Nearly one out of every three (32 percent) opioid prescriptions, which are subsidized by America’s employers, is being abused, according to a report by a healthcare data and technology company.
San Francisco-based Castlight Health Inc. released the study, “The Opioid Crisis in America’s Workforce,” which also found that nationally on average 4.5 percent of individuals who have received an opioid prescription are abusers and account for 32 percent of total opioid prescriptions and 40 percent of opioid prescription spending.
Opioid abusers cost employers nearly twice as much ($19,450) in medical expenses on average annually as non-abusers ($10,853), according to the analysis.
“The personal impact that opioid painkiller abuse takes on individuals, their friends and family is absolutely tragic,” said Kristin Torres Mowat, senior vice president of health plan and strategic data operations at Castlight Health. “This crisis is also having a significant impact on the nation’s employers, both in the form of direct and indirect costs. From higher spending on healthcare, to lost productivity, to the dangers associated with employees abusing medications in the workplace— these are aspects of the crisis that are too often overlooked in the current discussion.”
In 2011, the American Academy of Pain Medicine published a report by researchers at The Analysis Group in Boston and King Pharmaceuticals in North Carolina that tallied the U.S societal costs of prescription opioid abuse. The study said workplace costs accounted for $25.6 billion — including lost earnings from premature death ($11.2 billion) and reduced compensation/lost employment ($7.9 billion). It also found that the costs to the healthcare system were close to $25 billion, while the costs to the criminal justice system were about $5 billion.
The Castlight report is one on a growing list of studies pointing to the high cost of prescription drug and opiod abuse in the workplace, including to the workers’ compensation system.
A 2012 study in the Journal of Occupational & Environmental Medicine found that when long-acting opioid painkillers are prescribed, workers’ compensation claims are nearly four times more likely to turn into catastrophic claims with costs tallying more than $100,000.
About 80 percent of officials at 200 Indiana companies surveyed in 2015 by the National Safety Council reported that they’ve had problems with workers abusing or misusing prescription medications, including opioid painkillers such as Vicodin and OxyContin.
According to research into physician dispensing of opioids, the Workers Compensation Research Institute (WCRI) reported that three out of four injured workers with pain are prescribed opioids, with the amount per claim varying by state.
A recent report by pharmacy benefits manager Express Scripts suggested the cost of opioids to workers’ compensation may be slowing. At $450.90 per-user-per-year, opioids continue to be the costliest class of medications for occupational injuries, Express Scripts found, but overall spending for opioids decreased nearly 5 percent as utilization decreased by almost 11 percent. On average, injured workers received 2.91 opioid prescriptions per year – down from 3.33 prescriptions in 2014.
Additional insights reported by Castlight in its report include:
- Baby boomers are nearly four times more likely (7.4 percent) to abuse opioids than Millennials (2 percent).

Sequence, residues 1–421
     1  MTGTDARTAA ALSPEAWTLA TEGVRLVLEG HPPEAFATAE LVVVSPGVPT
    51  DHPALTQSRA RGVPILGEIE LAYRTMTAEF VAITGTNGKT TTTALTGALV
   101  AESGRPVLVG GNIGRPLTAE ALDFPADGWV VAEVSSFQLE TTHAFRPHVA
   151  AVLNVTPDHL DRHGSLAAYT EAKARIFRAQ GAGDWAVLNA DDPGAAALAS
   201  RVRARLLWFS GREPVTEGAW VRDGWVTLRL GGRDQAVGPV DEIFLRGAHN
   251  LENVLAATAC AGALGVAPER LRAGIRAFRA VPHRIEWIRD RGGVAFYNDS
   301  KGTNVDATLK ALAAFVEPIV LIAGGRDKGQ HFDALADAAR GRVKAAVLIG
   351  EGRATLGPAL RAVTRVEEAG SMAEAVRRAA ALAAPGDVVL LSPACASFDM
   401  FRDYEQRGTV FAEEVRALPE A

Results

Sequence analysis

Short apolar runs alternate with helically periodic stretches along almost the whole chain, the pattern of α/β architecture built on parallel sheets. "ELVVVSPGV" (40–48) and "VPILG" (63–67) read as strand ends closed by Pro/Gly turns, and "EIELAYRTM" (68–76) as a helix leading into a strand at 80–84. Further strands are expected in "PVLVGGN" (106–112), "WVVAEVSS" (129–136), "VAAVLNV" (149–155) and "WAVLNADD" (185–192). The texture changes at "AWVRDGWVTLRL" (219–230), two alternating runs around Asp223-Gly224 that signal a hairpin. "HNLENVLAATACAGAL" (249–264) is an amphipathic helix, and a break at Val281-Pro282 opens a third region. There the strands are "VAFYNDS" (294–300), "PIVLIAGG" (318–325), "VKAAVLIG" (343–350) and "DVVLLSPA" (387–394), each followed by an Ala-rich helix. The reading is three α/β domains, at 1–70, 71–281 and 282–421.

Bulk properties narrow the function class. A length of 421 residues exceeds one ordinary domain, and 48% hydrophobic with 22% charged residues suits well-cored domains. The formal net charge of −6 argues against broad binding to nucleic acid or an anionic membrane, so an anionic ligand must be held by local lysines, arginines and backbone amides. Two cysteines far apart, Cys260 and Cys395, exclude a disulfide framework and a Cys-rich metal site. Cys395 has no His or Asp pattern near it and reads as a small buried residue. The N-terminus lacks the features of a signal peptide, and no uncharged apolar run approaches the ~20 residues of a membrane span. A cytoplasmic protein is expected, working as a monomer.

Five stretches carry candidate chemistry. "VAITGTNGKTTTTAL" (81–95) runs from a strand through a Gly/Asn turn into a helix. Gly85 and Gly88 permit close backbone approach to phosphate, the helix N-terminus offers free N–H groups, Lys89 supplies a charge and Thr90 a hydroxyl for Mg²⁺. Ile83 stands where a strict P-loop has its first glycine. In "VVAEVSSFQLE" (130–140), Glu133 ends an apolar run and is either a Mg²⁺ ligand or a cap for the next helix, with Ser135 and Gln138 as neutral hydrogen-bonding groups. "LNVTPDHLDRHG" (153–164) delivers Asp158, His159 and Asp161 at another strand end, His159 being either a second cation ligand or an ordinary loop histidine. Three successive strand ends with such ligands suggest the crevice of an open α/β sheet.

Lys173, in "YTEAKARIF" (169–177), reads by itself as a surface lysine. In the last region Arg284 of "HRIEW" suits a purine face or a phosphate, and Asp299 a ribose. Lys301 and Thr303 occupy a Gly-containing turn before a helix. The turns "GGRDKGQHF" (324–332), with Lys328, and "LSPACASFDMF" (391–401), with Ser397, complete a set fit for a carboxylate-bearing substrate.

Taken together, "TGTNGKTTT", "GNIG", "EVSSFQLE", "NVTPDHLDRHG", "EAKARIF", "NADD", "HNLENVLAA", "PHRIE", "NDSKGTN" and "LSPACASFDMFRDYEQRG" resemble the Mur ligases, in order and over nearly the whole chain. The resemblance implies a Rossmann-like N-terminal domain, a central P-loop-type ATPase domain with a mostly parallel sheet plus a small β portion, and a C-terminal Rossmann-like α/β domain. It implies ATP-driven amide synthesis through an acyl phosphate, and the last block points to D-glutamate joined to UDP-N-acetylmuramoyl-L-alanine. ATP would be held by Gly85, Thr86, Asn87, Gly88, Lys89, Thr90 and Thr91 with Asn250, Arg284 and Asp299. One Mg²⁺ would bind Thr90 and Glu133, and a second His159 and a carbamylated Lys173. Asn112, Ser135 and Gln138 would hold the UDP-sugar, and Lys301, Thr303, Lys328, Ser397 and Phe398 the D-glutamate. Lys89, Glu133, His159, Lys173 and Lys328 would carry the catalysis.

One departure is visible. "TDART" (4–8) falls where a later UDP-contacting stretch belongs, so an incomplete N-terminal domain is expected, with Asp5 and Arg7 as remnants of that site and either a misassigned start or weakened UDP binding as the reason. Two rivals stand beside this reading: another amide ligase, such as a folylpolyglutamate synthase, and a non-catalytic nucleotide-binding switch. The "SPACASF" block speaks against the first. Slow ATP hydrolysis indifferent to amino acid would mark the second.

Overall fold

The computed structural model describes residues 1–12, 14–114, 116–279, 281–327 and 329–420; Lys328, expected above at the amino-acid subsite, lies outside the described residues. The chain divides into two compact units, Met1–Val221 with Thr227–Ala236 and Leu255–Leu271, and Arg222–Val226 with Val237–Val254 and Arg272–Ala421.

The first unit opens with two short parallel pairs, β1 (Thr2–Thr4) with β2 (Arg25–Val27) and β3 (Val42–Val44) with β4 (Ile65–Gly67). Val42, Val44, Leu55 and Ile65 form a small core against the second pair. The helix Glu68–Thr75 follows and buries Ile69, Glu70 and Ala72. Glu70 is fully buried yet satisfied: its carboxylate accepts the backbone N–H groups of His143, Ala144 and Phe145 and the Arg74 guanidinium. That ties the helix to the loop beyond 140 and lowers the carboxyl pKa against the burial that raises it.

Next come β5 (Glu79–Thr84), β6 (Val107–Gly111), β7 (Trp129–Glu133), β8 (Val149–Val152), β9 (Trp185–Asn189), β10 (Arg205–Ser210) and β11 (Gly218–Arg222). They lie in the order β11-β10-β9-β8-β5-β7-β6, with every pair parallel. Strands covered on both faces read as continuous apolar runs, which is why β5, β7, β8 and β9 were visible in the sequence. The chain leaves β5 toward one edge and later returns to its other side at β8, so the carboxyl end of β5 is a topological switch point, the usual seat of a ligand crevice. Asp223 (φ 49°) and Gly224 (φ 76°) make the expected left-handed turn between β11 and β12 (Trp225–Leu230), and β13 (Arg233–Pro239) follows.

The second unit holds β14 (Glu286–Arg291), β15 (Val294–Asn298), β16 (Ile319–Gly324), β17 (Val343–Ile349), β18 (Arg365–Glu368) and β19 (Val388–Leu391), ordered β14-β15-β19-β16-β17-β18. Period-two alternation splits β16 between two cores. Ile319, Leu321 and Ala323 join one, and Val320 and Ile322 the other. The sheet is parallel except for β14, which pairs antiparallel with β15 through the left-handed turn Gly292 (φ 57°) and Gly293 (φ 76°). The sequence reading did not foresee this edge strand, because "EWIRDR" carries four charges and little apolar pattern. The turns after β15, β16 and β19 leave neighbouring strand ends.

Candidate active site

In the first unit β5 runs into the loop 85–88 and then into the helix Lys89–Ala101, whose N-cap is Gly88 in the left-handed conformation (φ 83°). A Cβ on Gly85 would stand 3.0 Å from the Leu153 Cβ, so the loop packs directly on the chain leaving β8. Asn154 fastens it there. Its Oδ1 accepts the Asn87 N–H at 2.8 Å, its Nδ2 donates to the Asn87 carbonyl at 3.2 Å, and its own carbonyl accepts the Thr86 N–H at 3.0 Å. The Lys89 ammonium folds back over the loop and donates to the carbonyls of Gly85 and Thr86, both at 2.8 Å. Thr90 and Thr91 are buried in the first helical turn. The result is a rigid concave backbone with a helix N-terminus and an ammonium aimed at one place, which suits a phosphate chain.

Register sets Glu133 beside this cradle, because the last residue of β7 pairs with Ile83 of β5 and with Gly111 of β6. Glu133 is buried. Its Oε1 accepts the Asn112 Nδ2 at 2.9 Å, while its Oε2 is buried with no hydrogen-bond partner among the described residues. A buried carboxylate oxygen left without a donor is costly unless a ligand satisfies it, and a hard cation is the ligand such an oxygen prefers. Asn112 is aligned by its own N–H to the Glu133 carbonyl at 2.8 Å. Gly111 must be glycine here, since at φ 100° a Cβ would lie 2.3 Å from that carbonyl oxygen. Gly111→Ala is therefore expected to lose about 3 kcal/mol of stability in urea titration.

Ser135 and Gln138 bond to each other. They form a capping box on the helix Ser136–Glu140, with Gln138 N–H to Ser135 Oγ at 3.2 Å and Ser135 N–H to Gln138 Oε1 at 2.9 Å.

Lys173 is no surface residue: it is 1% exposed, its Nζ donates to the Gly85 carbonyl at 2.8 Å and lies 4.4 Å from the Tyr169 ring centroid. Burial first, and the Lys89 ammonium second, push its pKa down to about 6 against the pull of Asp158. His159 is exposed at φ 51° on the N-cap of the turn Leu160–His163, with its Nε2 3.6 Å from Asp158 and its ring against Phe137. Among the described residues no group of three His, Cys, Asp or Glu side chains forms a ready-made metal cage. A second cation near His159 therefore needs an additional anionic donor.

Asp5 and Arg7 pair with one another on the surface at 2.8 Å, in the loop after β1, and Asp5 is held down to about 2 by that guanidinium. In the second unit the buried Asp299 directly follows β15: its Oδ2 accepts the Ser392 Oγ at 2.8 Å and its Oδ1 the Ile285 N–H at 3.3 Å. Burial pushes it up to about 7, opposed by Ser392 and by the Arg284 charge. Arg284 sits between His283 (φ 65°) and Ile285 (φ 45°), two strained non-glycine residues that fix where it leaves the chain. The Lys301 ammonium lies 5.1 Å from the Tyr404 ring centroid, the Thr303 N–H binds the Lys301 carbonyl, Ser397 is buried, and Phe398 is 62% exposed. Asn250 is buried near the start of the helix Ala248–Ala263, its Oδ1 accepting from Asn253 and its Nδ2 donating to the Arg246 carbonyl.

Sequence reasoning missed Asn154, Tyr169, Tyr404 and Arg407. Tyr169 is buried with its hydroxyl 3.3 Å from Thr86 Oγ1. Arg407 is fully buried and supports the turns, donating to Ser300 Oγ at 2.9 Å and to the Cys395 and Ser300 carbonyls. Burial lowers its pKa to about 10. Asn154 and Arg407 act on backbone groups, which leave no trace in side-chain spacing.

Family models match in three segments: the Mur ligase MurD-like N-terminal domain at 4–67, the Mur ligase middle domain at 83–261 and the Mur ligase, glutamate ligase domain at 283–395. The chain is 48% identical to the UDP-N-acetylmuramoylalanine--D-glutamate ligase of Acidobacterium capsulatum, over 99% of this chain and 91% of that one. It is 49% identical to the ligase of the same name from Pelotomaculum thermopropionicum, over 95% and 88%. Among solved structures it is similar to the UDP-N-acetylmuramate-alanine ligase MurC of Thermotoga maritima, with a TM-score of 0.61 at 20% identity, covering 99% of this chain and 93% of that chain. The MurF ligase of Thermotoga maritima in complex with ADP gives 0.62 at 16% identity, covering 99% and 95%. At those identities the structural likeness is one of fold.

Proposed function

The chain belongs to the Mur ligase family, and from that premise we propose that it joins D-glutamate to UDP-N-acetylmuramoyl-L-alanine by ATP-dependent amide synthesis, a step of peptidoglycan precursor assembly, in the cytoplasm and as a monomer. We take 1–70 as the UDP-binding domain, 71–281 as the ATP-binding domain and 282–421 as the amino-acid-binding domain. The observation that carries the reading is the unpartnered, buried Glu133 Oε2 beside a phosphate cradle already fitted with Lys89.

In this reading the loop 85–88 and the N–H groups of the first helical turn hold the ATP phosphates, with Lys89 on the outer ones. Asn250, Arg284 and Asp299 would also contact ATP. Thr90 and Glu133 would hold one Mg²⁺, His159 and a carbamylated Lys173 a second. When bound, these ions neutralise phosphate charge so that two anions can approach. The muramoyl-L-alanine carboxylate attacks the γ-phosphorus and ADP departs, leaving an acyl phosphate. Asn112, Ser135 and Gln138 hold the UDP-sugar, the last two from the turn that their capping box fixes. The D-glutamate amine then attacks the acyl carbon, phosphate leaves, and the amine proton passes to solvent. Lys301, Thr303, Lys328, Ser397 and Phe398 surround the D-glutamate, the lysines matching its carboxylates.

- Patients living in areas with lower incomes are twice as likely to abuse prescription painkillers as individuals in high-income areas. Additionally, opioid abusers are more likely to live in the rural South. Overall, 22 out of the top 25 U.S. cities for opioid abuse are primarily rural and located in Southern states.
- Among the top 30 largest U.S. cities, eight have higher than average opioid abuse rates. The cities include Las Vegas (7.4 percent), Charlotte (6.2 percent), Kansas City (5.1 percent) Portland (5.0 percent), Tampa (5.0 percent), Indianapolis (4.9 percent), Orlando (4.6 percent), and San Antonio (4.6 percent).
- Among the top 30 largest U.S. cities, eight have a higher percentage of opioid prescriptions abused than the national benchmark of 32 percent. These cities include Charlotte (44 percent), Las Vegas (41 percent), Kansas City (38 percent), Portland (38 percent), Tampa (37 percent), Indianapolis (35 percent), Chicago (33 percent), and Dallas (33 percent).
The Centers for Disease Control and Prevention (CDC) has called this issue a public health crisis. According to the CDC, nearly 2 million Americans are abusing prescription opioids, resulting in over 16,000 deaths per year.
In 2012, 259 million opioid prescriptions were written, enough for every American adult to a bottle of pills.
For its report, Castlight Health, which offers a platform that allows employees to choose and manage their healthcare, conducted research on opioid abuse based on aggregated reporting from medical and pharmacy-based claims. These findings include nearly one million Americans who use Castlight’s health benefits platform, a subset of Castlight’s broader user population. The study is based on Castlight’s medical and pharmacy reporting over the five-year period from 2011-2015.
Castlight analyzed its data across demographic categories, including age, income and geography. In addition, Castlight looked at 2015 annual medical healthcare spend associated with this dataset.
- Opioid Epidemic Plagues Workers’ Comp
- Nonmedical Opioid Use Declines But Prescription Disorders, Deaths Rise: JAMA
- Will Mandating Doctors Use Prescriber Databases Aid the Fight Against Opioid Deaths?
- Here’s What’s Happening with Drug Costs in Workers’ Compensation
- Express Scripts Workers’ Compensation Drug Trend Report
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